•  The current number of replicas is determined (currentReplicas)
  •   The following formula calculates the desired number of replicas (desiredReplicas)  desiredReplicas = [currentReplicas * (currentMetricValue / desiredMetricValue)

However, scaling will not happen when the coefficient (currentMetricValue / desiredMetricValue) is close to 1 (we can set the allowable error ourselves, by default it is 0.1)

Lets consider hpa using the app-test application (described as Deployment), where it is necessary to change the number of replicas, depending on CPU consumption:

  •     Application manifest
kind: Deployment
apiVersion: apps/v1beta2
 name: app-test
     app: app-test
 replicas: 2
       app: app-test
     - name: nginx
       image: registry.nixys.ru/generic-images/nginx
       imagePullPolicy: Always
           cpu: 60m
       - name: http
         containerPort: 80
       - name: nginx-exporter
         image: nginx/nginx-prometheus-exporter
             cpu: 30m
         - name: nginx-exporter
           containerPort: 9113
         - -nginx.scrape-uri


Those we see that under with the application it is initially launched in two instances, each of which contains two containers nginx and nginx-exporter, for each of which requests for the CPU are given.

  • HPA manifest
apiVersion: autoscaling/v2beta2
kind: HorizontalPodAutoscaler
 name: app-test-hpa
 maxReplicas: 10
 minReplicas: 2
   apiVersion: extensions/v1beta1
   kind: Deployment
   name: app-test
 - type: Resource
     name: cpu
       type: Utilization
       averageUtilization: 30

We created an HPA that will monitor the Deployment app-test and adjust the number of pods with the application based on the CPU indicator (we expect that the pod should consume 30% percent of the CPU it requests), while the number of replicas is in the range of 2-10.

Now, we will consider the HPA operation mechanism if we apply a load to one of the pods:

# kubectl top pod
 NAME                                                   CPU(cores)   MEMORY(bytes)
 app-test-78559f8f44-pgs58            101m         243Mi
 app-test-78559f8f44-cj4jz            4m           240Mi

In total we have the following:

  • Desired value (desiredMetricValue) – according to the HPA settings, we have 30%
  • Current value (currentMetricValue) – for calculation, the controller-manager calculates the average value of resource consumption in%, i.e. conditionally does the following:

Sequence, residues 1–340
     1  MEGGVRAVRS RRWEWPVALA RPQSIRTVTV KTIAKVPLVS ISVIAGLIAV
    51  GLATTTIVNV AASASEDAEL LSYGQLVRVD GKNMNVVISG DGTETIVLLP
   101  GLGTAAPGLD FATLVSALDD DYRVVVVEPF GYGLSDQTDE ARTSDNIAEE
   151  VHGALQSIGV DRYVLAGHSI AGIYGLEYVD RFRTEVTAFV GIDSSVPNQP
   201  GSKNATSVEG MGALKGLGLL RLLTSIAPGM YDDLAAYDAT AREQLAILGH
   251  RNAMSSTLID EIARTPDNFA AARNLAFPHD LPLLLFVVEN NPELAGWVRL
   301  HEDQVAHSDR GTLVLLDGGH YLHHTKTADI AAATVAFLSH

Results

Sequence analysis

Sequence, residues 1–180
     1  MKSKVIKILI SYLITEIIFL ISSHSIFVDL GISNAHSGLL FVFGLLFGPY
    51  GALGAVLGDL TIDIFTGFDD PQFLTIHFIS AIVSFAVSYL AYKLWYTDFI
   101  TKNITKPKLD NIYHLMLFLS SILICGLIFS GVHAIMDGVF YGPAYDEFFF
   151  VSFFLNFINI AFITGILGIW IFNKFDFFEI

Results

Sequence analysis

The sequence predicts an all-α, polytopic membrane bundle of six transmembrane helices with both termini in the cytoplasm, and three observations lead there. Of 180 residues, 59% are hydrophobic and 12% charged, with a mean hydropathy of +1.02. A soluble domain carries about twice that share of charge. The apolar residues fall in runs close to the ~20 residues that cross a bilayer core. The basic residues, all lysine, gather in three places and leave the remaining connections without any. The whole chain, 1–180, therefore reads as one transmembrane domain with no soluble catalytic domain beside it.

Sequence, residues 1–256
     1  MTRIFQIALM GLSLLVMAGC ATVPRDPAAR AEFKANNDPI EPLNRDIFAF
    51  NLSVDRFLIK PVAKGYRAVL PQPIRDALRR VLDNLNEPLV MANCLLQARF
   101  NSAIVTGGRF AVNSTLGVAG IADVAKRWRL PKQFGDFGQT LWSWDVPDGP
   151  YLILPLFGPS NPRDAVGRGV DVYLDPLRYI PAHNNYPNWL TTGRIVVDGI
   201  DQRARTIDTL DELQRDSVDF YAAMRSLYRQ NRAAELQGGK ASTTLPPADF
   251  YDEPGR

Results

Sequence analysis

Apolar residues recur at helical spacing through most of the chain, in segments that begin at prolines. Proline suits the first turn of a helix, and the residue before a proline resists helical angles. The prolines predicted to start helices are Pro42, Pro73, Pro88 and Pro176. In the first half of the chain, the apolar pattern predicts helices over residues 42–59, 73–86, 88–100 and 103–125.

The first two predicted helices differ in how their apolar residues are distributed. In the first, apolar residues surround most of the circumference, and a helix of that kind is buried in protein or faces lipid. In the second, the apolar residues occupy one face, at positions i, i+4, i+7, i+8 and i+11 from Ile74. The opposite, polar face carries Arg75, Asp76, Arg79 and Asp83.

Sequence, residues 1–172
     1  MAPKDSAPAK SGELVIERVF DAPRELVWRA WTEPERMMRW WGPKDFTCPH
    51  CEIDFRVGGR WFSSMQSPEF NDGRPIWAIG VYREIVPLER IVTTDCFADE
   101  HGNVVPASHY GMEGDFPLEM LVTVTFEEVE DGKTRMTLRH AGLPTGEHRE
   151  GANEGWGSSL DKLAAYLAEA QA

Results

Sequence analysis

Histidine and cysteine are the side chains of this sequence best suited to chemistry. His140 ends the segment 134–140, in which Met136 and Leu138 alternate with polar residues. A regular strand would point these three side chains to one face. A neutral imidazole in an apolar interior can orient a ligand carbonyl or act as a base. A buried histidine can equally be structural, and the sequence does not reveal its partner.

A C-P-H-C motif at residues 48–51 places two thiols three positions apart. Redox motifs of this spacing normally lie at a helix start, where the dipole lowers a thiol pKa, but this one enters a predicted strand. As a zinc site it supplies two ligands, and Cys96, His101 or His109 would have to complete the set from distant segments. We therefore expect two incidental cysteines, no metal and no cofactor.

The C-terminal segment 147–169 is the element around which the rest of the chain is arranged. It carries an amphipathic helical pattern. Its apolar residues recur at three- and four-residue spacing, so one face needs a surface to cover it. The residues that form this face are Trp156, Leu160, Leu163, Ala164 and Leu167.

1. Gets the absolute values ​​of pod metrics from the metric server, i.e. 101m and 4m
  2. Calculates the average absolute value, i.e. (101m + 4m) / 2 = 53m
  3. Gets the absolute value for the desired resource consumption (for this, the request of all containers are summed) 60m + 30m = 90m
  4. Calculates the average percentage of CPU consumption relative to the request pod, i.e. 53m / 90m * 100% = 59%

Now we have everything necessary to determine whether it is necessary to change the number of replicas, for this we calculate the coefficient:

ratio = 59% / 30% = 1.9

The number of replicas should be increased ~ 2 times and make up [2 * 1.96] = 4.

Conclusion: As you can see, in order for this mechanism to work, a prerequisite is including the availability of requests for all containers in the observed pod.

The mechanism of horizontal auto-scaling of nodes (Cluster Autoscaler)

In order to neutralize the negative impact on the system during bursts of load, the presence of a tuned hpa is not enough. For example, according to the settings in the hpa controller manager decides that the number of replicas needs to be increased by 2 times, however, there are no free resources on the nodes to run such a number of pods (i.e. the node cannot provide the requested resources for the pod requests) and these pods enter the Pending state.

In this case, if the provider has the appropriate IaaS / PaaS (for example, GKE / GCE, AKS, EKS, etc.), a tool such as Node Autoscaler can help us. It allows you to set the maximum and minimum number of nodes in the cluster and automatically adjust the current number of nodes (by accessing the cloud provider API to order / delete nodes) when there is a shortage of resources in the cluster and the pods cannot be scheduled (in the Pending state).

Conclusion: in order to be able to automatically scale the nodes, it is necessary to specify requests in the pod containers so that k8s can correctly evaluate the load of nodes and accordingly report that there are no resources in the cluster to start the next pod.


It should be noted that setting resource limits for the container is not a prerequisite for the successful launch of the application, but it is still better to do this for the following reasons:

  •     For more accurate scheduler operation in terms of load balancing between k8s nodes
  •     To reduce the likelihood of a pod eviction event
  •     For horizontal auto-scaling application of pods (HPA)
  •     For horizontal auto-scaling of nodes (Cluster Autoscaling) for cloud providers